Regeneration is a spiritual renewal, revival or a renewal or restoration of a body. The cross referencing scripture is John 3:5.

Jesus answered, “Truly, truly, I say to you, unless one is born of water and the Spirit, he cannot enter the kingdom of God. John 3:5

Stick with me because this is so cool! In this verse, the water that Jesus is referring to is the Word of God (the Bible).  So, Jesus is actually telling us that the Bible (God’s Word) washes us. We are washed and cleansed when we open and read the word of God. This God breathed scripture (2 Timothy 3:16-17) is the washing of our spirits so we are regenerated into new people through Christ. People who aren’t perfect, but are saved. People who are dirty, but cleansed through Christ. People who sin, but are forgiven through repentance. People who fight the flesh but trust God is stronger than the flesh will ever be. People who get knocked down, but get back up again with God’s strength. We, the people of God who are cleansed and washed through His written Word.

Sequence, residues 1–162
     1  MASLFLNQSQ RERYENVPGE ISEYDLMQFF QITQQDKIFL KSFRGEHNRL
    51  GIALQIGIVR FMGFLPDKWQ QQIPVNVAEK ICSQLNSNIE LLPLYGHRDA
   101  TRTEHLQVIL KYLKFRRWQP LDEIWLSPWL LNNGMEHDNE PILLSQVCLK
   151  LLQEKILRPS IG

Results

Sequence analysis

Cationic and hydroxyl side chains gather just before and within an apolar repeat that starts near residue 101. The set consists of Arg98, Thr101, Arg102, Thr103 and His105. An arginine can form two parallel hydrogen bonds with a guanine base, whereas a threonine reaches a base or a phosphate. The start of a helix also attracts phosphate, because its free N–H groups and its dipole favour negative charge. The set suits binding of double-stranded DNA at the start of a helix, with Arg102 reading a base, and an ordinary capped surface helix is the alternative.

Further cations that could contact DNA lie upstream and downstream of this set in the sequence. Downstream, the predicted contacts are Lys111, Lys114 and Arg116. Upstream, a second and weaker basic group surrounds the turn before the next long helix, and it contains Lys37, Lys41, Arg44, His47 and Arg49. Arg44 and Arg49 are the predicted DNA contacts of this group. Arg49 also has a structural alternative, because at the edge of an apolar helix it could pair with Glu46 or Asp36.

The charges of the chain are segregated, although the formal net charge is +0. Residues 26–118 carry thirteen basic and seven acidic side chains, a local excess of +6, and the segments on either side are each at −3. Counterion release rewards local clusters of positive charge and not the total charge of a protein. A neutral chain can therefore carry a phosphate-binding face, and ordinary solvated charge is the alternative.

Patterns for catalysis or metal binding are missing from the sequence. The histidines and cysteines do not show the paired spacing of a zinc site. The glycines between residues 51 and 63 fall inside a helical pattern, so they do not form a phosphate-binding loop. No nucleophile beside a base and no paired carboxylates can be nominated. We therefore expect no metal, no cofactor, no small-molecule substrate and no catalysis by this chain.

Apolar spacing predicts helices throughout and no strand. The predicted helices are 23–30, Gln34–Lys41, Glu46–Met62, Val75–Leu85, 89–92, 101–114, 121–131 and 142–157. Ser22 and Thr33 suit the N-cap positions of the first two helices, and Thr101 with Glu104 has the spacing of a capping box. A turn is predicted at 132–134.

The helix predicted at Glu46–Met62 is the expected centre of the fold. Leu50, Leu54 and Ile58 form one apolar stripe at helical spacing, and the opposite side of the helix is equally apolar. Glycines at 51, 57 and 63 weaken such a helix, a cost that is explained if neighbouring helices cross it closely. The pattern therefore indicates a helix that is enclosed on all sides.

What an image. We are more than covered, we are washed clean. One of my greatest passions is encouraging women to dig into the Word of God so they know and trust the promises of our Heavenly Father for themselves. So His love and truth seeps into their hearts and takes up permanent residence. But the revelations from Titus 3:4-5 this week have taken that passion to an even deeper level.

May God continue to reveal Himself to you in new ways as you read His Word and the truth of His love and mercy penetrate your hearts.

 

 

 

Week 6 – Turnaround

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For godly grief produces a repentance that leads to salvation without regret, whereas worldly grief produces death. 2 Corinthians 7:10